With harvest upon us we are experiencing death and birth at the same time. While we have certainly lost some of our work from the 2013 vintage forever, the hope and excitement of a new vintage is also upon us. As forward is the only direction we can go we are choosing to focus on what are about to create rather than what has been destroyed. It's time to celebrate the new vintage not mourn for the old one.

I believe this will be an exceptional vintage in the Napa Valley, perhaps the Earth itself thinks so too.

A Beautiful Factory

It was majestic, breathtaking. It cost tens of millions of dollars. It was the most beautiful factory I'd ever seen. Such are the temples of wine in the Napa Valley. Shrines to people rather than agriculture. The days of Bottle Shock have long passed to be replaced by sticker shock. The Napa Valley is no longer the place a farmer can bring his winemaking dream to reality.

Today in the Napa Valley people build pyramids to their own memories just as the pharaohs did in ancient Egypt - and for the same reason. Immortality is expensive. Making wine is farming and it's hard to think of anything less glamorous. The choice for the ages is obvious - temples last longer than wines.

I was visiting one of Napa's new pyramids a few weeks ago and it was perfection. Majestic floor to ceiling windows filled with vineyard views, a winemaking facility loaded with the cutting edge technology and, of course, it was all integrated with equally cutting edge modern art. There was only one thing missing. There was no soul, no soul of the wine and no tie to the land. The connection to the land was lost as everything about the place was about people - nothing was about nature and dirt, which was nowhere to be seen except through perfectly clean, massive windows. It was there to see, but there was nothing to touch or that could touch you.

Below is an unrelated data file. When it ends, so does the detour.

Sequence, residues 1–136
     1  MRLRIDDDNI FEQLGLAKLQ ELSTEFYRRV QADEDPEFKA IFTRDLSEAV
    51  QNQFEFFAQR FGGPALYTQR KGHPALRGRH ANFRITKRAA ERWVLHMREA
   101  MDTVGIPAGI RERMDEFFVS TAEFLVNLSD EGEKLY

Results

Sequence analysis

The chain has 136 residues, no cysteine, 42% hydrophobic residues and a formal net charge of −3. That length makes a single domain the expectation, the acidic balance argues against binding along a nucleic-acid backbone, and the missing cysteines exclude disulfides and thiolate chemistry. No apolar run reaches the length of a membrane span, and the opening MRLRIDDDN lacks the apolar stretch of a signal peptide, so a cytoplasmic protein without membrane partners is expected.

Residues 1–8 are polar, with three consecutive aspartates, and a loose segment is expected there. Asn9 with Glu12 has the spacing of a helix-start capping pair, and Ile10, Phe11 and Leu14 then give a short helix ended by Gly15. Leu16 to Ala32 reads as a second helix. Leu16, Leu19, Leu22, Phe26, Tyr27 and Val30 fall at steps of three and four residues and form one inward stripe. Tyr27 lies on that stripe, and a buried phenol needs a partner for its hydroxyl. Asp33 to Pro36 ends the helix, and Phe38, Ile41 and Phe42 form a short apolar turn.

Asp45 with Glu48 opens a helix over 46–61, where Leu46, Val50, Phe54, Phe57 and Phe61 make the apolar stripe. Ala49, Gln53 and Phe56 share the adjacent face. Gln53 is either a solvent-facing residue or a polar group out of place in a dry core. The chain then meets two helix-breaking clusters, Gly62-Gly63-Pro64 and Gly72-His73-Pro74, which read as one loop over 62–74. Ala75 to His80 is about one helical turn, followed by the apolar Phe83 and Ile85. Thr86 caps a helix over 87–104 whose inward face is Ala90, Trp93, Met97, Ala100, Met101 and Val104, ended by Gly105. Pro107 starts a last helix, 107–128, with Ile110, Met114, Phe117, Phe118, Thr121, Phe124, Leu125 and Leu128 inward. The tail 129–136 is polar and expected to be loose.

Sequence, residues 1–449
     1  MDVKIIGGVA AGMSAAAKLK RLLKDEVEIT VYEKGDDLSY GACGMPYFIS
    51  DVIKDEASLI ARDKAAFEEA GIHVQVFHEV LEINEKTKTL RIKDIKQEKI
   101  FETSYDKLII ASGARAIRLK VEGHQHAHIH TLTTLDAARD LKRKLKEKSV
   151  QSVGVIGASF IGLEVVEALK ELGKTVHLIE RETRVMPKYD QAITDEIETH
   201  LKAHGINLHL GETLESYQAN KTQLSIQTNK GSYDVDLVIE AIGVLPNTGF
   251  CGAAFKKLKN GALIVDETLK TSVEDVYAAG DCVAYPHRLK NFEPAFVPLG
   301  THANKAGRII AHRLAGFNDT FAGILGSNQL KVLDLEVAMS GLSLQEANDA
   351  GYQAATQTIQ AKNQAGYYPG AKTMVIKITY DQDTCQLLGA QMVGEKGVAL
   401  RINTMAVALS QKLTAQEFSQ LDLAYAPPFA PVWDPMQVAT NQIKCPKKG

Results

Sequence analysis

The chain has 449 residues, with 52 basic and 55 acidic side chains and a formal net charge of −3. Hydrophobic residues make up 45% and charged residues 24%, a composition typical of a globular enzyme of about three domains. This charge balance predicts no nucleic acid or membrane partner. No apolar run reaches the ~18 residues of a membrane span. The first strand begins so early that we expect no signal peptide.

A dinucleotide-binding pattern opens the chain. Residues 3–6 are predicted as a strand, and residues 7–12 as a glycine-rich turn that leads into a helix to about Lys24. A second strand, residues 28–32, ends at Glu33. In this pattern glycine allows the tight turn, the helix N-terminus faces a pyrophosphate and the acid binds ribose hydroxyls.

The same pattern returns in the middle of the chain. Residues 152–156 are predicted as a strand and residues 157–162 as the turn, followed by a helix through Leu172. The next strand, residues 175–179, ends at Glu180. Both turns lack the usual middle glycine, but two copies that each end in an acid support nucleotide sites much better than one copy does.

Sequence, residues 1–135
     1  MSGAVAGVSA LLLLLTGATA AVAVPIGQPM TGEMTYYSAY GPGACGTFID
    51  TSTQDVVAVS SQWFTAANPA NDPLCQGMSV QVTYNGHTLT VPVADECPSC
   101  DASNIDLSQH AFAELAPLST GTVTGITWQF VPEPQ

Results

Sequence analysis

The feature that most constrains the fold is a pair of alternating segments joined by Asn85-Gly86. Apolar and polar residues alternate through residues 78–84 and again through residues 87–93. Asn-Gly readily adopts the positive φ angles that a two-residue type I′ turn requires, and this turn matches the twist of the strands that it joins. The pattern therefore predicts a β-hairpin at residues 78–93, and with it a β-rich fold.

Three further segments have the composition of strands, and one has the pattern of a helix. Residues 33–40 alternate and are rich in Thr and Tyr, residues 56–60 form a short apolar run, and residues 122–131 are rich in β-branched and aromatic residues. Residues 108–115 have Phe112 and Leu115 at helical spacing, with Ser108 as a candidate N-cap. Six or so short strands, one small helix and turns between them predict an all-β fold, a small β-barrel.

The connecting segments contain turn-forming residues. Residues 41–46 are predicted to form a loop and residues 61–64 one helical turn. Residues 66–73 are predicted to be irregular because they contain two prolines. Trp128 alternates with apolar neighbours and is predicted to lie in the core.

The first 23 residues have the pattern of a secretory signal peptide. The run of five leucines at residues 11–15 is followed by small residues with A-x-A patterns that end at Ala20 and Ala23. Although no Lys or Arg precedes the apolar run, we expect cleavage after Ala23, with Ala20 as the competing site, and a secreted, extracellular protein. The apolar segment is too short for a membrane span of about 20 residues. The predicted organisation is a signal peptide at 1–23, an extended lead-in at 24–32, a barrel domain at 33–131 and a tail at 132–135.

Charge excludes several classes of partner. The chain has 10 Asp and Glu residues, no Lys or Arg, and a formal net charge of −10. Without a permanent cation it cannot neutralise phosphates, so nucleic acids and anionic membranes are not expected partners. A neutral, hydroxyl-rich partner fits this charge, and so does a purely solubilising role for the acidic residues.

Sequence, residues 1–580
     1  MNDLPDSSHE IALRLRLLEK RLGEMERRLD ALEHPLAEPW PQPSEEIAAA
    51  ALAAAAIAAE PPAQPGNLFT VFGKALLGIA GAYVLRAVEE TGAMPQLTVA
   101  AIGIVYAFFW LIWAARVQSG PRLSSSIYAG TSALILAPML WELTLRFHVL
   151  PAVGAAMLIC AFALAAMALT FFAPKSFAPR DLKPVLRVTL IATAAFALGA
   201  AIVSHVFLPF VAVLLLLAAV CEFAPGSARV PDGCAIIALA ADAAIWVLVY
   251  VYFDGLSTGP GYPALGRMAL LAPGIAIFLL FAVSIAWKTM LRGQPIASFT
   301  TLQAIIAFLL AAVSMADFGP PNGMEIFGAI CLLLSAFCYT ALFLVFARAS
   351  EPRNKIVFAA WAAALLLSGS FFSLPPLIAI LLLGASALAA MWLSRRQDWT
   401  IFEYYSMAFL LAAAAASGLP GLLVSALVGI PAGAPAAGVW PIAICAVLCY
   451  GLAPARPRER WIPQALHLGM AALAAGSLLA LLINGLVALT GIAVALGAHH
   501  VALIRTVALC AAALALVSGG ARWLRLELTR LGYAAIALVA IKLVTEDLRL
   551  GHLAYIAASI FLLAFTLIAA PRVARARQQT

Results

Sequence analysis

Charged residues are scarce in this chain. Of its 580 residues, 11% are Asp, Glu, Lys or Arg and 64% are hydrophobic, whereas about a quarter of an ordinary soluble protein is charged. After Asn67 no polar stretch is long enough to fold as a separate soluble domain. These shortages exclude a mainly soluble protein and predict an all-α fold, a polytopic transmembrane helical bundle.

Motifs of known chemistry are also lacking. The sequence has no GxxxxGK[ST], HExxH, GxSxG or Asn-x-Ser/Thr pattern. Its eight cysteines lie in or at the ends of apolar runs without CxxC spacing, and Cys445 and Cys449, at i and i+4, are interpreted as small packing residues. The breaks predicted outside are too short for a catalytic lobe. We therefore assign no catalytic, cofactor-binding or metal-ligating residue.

You can buy the land, the equipment, the art and the media, but in the end the wines will have no soul, no soil, unless it is really inside of you. Without that soul, no matter how much you spend, you just end up with a beautiful factory and like all factories you pump out an industrial product. Designer wines designed for points not people.

The marketing employed to sell these wines is as cold as the facility they're made in. Data points replace people and social media becomes a strategy not a conversation. You don't want to get your hands dirty.

Corison Winery

Corison Winery

On Route 29 in the heart of the Napa Valley is a plain gray barn where the wine, and only the wine, tells the story. There Cathy Corison has endured the pointless point-ridden decades for wine when only points mattered and pH did not. Today she has been magically rediscovered without changing a thing. It seems actually having a vision and a passion, not simply an ego and a bottomless checking account, have become fashionable again. This, at least, is something we can be thankful for in the Napa Valley

There are real wine temples, like that plain gray barn, out there in the the Napa Valley and across California, but as in Indiana Jones, you'd better choose wisely. Most people choose poorly forgetting that it's in the cup of a carpenter that you're more likely to find real wine.